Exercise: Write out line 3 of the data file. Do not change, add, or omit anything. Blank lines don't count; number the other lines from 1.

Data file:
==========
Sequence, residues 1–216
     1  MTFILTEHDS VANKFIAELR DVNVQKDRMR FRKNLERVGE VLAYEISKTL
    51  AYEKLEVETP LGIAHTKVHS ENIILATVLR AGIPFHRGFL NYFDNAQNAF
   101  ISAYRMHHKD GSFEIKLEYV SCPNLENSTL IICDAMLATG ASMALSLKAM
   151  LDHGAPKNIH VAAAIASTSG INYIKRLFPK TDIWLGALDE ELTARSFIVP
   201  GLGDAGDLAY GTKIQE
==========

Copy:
    51  AYEKLEVETP LGIAHTKVHS ENIILATVLR AGIPFHRGFL NYFDNAQNAF